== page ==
Photographed By Amelia Alpaugh.
I never understood the whole "nap" thing. Try as I might, and no matter how tired I am, turning off my ever-churning brain is almost impossible — especially when there are perfectly good daylight hours to be spent doing something more
fun productive. Of course, I know I'm in the minority. I work in an office full of people who would kill for a workday nap-time situation.
But, it turns out, all the nappers out there might have reason to reconsider sneaking those daylight winks. Researchers at the University of Cambridge found that participants who regularly took daytime naps were more likely to die over the course of a 13-year study.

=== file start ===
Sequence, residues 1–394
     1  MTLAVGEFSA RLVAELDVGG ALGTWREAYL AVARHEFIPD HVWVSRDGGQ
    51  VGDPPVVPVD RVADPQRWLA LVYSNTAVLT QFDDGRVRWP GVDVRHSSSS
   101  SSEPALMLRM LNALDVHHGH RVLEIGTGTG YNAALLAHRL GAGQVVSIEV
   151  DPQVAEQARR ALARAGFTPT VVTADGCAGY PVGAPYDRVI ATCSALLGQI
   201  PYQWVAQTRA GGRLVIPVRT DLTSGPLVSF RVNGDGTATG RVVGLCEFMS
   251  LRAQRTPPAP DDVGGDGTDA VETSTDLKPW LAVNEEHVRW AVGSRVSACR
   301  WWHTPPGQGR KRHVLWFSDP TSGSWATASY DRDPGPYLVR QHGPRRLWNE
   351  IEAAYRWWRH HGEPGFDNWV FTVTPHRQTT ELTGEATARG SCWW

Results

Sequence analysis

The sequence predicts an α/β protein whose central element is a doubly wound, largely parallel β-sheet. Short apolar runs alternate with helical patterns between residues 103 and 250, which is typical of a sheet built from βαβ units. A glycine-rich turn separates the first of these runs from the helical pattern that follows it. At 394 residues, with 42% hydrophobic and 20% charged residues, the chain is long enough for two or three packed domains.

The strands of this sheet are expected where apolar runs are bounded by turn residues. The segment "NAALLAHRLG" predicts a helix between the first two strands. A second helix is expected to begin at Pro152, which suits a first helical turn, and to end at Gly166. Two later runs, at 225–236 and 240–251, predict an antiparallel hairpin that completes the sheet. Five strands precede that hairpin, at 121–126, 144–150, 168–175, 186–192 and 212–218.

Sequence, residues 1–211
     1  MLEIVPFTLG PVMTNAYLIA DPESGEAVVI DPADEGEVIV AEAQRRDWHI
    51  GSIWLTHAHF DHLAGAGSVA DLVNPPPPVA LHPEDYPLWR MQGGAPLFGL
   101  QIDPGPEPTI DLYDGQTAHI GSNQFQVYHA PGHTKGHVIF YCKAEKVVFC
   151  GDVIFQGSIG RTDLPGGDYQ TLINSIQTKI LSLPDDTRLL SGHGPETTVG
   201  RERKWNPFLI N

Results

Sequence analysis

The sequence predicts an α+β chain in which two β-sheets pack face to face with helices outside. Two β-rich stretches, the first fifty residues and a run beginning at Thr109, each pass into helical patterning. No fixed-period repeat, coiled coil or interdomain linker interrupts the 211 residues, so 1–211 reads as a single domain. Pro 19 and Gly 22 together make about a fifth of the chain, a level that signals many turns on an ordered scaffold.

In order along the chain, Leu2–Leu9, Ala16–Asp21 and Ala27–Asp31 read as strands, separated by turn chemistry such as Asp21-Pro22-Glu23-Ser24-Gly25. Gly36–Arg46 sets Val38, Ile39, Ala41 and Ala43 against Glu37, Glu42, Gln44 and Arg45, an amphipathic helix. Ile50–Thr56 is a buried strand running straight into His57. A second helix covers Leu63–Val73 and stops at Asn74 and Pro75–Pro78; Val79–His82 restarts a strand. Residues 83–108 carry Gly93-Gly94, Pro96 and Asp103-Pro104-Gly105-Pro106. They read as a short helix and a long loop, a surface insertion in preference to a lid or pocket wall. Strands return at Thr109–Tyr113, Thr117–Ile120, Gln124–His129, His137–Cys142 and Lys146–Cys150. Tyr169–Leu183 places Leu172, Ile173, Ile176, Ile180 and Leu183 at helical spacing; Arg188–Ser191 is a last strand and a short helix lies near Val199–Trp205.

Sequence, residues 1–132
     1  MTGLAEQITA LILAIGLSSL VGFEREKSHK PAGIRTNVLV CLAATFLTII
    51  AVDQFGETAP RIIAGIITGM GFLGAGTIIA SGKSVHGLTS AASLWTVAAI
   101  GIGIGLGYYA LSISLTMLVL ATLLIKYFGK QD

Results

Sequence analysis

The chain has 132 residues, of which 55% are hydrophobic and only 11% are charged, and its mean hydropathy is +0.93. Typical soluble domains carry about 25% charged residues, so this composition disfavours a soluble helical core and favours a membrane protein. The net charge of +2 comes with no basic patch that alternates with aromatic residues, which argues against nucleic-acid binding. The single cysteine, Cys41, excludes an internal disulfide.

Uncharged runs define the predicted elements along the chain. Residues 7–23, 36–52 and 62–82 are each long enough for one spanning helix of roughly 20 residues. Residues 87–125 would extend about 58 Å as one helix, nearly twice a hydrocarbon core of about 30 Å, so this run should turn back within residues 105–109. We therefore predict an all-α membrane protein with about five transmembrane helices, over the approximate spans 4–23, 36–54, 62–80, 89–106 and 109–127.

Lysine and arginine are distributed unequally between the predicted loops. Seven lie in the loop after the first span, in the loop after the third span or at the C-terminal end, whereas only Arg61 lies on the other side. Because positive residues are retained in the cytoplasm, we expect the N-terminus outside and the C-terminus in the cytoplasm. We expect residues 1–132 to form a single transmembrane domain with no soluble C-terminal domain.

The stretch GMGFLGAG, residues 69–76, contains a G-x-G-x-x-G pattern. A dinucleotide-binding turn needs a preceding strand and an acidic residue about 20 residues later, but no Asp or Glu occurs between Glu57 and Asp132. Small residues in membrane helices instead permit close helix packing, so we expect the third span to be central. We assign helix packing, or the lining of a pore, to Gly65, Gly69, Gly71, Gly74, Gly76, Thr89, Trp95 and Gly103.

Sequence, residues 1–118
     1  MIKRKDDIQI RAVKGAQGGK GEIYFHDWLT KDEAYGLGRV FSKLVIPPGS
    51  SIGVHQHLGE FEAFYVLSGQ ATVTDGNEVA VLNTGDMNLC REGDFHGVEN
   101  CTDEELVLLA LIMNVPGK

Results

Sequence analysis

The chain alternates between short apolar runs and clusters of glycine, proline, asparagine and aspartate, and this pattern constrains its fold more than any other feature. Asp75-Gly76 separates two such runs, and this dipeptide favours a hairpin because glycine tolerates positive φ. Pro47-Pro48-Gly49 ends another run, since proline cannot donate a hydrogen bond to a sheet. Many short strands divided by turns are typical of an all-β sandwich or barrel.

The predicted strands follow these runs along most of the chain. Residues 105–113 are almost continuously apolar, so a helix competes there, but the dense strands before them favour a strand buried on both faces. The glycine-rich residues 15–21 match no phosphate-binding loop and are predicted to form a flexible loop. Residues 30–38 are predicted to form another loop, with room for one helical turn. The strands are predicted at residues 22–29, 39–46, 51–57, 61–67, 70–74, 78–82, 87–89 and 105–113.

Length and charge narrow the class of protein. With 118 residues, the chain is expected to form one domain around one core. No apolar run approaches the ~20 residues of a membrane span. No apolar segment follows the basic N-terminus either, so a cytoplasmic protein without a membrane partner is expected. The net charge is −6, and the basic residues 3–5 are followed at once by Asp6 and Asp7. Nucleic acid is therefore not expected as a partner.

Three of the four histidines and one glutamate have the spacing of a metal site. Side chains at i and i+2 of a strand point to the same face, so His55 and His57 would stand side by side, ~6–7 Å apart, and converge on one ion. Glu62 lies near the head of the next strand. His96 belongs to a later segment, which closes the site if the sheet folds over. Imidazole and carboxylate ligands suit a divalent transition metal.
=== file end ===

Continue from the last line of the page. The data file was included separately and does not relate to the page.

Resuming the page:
The researchers interviewed 16,374 British subjects aged 40 to 70 on their sleeping habits and followed up over 13 years. They found that subjects who took afternoon naps lasting under an hour on average were 14% more likely to die during the study than those who didn't, particularly from respiratory diseases. Nappers who got in over an hour of daytime sleep every day were even worse off: they were 32% more likely to die than their non-napping peers. The researchers found that the results held up even after controlling for a wide range of risk factors, including age, BMI, gender, exercise, smoking habits, and even medical conditions, like cancer and diabetes.
Does this mean saying goodbye to your precious shuteye sessions? Maybe not. This particular study only tested subjects aged 40 to 70, so a lot more research is needed to see whether its findings apply to other age groups as well. Also, there's a big difference between proving that naps are correlated with increased risk of death and actually finding that naps cause death. But, if causation can be pinpointed, it'll give a whole new meaning to "sleep when you're dead." (Live Science)